Beginning in 1916, Tarsila studied painting in São Paulo. Later she studied drawing and painting with the academic Painter Pedro Alexandrino. These were all respected but conservative teachers. Because Brazil lacked a public art museum or significant commercial gallery until after World War II, the Brazilian art world was aesthetically conservative and exposure to international trends was limited. Tarsila studied in Paris from 1920 through June of 1922 at the Académie Julian with Emile Renard.
Returning to São Paulo in 1922, Tarsila was exposed to many things after meeting Anita Malfatti, Oswald de Andrade, Mário de Andrade, and Menotti Del Picchia. Prior to her arrival in São Paulo from Europe, the group had organized the Semana de Arte Moderna ("Week of Modern Art") during the week of February 11–18, 1922. The event was pivotal in the development of modernism in Brazil. The participants were interested in changing the conservative artistic establishment in Brazil by encouraging a distinctive mode of modern art. Tarsila was asked to join the movement and together they became the Grupo dos Cinco, which sought to promote Brazilian culture, the use of styles that were not specifically European, and the inclusion of things that were indigenous to Brazil.
Oswald de Andrade, who had become her traveling companion, accompanied her throughout Europe. Upon returning to Brazil at the end of 1923, Tarsila and Andrade then traveled throughout Brazil to explore the variety of indigenous culture, and to find inspiration for their nationalistic art. During this period, Tarsila made drawings of the various places they visited which became the basis for many of her upcoming paintings. She also illustrated the poetry that Andrade wrote during their travels, including his pivotal book of poems entitled Pau Brasil, published in 1924. In the manifesto of the same name, Andrade emphasized that Brazilian culture was a product of importing European culture and called artists to create works that were uniquely Brazilian in order to "export" Brazilian culture, much like the wood of the Brazil tree had become an important export to the rest of the world. In addition, he challenged artists to use a modernist approach in their art, a goal they had strived for during the Semana de Arte Moderna in São Paulo.
During this time, Tarsila's colors became more vibrant. In fact, she wrote that she had found the "colors I had adored as a child. I was later taught they were ugly and unsophisticated." Her initial painting from this period was E.C.F.B.(Estrada de Ferro Central do Brasil), (1924). Furthermore, at the time, she had an interest in industrialization and its impact on society.
In 1926, Tarsila married Andrade and they continued to travel throughout Europe and Middle East. In Paris, in 1926, she had her first solo exhibition at the Galerie Percier. The paintings shown at the exhibition included São Paulo (1924), A Negra (1923), Lagoa Santa (1925), and Morro de Favela (1924). Her works were praised and called "exotic", "original", "naïve", and "cerebral", and they commented on her use of bright colors and tropical images.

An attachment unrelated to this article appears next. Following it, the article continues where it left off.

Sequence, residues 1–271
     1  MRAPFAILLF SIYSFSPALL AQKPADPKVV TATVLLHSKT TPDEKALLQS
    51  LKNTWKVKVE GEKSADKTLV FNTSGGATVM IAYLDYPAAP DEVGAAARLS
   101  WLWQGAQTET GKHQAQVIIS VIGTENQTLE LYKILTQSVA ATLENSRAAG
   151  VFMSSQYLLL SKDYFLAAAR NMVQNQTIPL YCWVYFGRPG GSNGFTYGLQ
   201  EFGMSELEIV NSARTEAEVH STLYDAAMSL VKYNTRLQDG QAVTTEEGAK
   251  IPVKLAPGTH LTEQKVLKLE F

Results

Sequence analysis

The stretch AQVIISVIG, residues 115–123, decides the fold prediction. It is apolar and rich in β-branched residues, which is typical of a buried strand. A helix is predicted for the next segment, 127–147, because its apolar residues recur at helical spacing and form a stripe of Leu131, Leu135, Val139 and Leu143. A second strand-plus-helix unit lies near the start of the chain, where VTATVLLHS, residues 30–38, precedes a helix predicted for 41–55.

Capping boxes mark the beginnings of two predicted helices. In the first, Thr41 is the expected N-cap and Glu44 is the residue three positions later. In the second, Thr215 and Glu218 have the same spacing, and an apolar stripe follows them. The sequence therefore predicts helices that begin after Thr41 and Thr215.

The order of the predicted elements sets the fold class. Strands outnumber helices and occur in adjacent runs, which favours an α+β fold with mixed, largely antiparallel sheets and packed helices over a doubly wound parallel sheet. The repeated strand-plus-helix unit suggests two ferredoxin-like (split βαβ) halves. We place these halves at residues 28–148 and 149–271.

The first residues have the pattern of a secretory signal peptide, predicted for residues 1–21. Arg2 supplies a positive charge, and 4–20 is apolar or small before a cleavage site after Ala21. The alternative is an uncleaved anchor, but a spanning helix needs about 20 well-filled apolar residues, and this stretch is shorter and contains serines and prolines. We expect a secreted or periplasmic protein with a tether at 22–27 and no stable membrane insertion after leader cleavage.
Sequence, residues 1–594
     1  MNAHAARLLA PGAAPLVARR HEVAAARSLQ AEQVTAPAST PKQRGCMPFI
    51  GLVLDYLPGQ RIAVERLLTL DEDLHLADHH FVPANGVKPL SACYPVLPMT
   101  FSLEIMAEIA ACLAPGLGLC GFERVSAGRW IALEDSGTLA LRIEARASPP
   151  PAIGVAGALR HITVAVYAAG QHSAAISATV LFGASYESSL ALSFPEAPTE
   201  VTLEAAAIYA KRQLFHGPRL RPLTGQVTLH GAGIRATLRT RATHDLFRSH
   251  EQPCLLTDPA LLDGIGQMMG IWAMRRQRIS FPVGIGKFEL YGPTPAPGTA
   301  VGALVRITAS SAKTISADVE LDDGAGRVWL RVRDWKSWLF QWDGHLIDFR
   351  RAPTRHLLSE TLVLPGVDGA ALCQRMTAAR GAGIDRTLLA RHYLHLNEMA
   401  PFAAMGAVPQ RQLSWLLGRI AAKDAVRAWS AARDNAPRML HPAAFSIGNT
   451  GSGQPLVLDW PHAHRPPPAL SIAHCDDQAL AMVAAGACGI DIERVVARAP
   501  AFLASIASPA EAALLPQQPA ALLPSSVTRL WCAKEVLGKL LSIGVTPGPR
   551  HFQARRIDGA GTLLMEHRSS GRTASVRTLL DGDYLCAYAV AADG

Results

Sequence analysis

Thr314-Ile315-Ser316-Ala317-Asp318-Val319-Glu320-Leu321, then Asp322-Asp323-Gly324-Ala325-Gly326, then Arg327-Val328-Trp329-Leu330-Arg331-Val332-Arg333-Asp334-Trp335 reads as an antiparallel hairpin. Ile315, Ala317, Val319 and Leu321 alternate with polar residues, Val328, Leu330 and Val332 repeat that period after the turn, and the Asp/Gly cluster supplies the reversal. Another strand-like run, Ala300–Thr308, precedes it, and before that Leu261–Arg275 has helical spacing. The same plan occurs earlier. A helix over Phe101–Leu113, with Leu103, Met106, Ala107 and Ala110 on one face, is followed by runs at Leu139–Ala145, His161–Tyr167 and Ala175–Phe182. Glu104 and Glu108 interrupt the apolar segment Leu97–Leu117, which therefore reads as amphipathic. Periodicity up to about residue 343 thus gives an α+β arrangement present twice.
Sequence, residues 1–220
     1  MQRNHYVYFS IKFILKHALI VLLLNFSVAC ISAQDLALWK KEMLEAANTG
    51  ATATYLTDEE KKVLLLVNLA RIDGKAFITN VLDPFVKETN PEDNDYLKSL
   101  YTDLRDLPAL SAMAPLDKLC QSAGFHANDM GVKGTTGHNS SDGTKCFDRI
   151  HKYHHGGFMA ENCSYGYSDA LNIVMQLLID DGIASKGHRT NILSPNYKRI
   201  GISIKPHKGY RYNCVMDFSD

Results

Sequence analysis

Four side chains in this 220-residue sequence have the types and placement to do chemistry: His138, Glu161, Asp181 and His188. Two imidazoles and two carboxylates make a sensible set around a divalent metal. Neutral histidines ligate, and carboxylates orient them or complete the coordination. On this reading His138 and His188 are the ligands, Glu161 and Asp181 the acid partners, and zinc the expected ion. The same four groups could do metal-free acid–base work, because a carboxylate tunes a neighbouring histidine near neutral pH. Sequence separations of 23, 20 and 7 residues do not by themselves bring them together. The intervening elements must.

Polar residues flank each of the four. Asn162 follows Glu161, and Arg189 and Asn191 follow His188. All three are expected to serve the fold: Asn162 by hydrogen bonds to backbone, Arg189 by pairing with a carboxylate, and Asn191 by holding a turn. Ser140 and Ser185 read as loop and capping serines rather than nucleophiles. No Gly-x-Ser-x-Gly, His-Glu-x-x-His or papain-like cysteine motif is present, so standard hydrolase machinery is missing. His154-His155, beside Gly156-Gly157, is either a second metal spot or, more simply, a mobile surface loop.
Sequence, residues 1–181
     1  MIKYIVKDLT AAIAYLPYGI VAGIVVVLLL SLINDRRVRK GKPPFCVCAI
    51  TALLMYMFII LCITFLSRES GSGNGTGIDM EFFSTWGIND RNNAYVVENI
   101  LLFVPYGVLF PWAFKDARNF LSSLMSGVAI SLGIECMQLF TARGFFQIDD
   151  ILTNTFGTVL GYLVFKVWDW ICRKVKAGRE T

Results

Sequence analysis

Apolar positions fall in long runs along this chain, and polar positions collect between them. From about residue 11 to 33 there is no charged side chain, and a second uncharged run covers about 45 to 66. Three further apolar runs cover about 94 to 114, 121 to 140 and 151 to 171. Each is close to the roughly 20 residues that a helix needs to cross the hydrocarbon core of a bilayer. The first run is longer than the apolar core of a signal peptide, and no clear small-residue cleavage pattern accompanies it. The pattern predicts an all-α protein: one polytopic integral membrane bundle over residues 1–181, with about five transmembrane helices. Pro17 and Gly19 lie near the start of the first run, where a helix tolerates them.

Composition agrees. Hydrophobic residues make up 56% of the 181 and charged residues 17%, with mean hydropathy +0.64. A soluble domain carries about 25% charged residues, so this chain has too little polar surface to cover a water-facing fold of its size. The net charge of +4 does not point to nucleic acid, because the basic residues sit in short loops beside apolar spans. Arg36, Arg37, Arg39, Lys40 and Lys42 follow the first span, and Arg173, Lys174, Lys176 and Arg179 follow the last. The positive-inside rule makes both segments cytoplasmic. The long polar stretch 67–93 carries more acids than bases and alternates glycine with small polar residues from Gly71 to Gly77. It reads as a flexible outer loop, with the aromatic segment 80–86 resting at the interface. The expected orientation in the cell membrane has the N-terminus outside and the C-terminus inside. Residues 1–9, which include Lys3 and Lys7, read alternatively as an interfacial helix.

Tarsila's first painting during this period was Abaporu (1928), which had been given as an untitled painting to Andrade for his birthday. The subject is a large stylized human figure with enormous feet sitting on the ground next to a cactus with a lemon-slice sun in the background. Andrade selected the eventual title, Abaporu, which is an Indian term for "man eats", in collaboration with the poet Raul Bopp. This was related to the then current ideas regarding the melding of European style and influences. Soon after, Andrade wrote his Anthropophagite Manifesto, which literally called Brazilians to devour European styles, ridding themselves of all direct influences, and to create their own style and culture. Instead of being devoured by Europe, they would devour Europe themselves. Andrade used Abaporu for the cover of the manifesto as a representation of his ideals. The following year the manifesto's influence continued, Tarsila painted Antropofagia (1929), which featured the Abaporu figure together with the female figure from A Negra from 1923, as well as the Brazilian Banana leaf, cactus, and again the lemon-slice sun.
In 1929, Tarsila had her first solo exhibition in Brazil at the Palace Hotel in Rio de Janeiro, and was followed by another at the Salon Gloria in São Paulo. In 1930, she was featured in exhibitions in New York and Paris. Unfortunately, 1930 also saw the end of Tarsila and Andrade's marriage. This brought an end to their collaboration.
The remainder of her career she focused on social themes. Representative of this period is the painting Segundo Class (1931), which has impoverished Russian men, women and children as the subject matter. She also began writing a weekly arts and culture column for the Diario de São Paulo, which continued until 1952.
In 1938, Tarsila finally settled permanently in São Paulo where she spent the remainder of her career painting Brazilian people and landscapes. In 1950, she had an exhibition at Museum of Modern Art, São Paulo where a reviewer called her "the most Brazilian of Painters here, who represents the sun, birds, and youthful spirits of our developing country, as simple as the elements of our land and nature…. She died in São Paulo 1973. Tarsila's life is a mark of the warm Brazilian character and an expression of it tropical exuberance."
In 2018 MoMA opened a solo exhibition of her work, the eighth retrospective on Latin America artists following exhibitions on Diego Rivera, Cândido Portinari, Roberto Matta, Manuel Álvarez Bravo, Armando Reverón, José Clemente Orozco and Joaquín Torres García.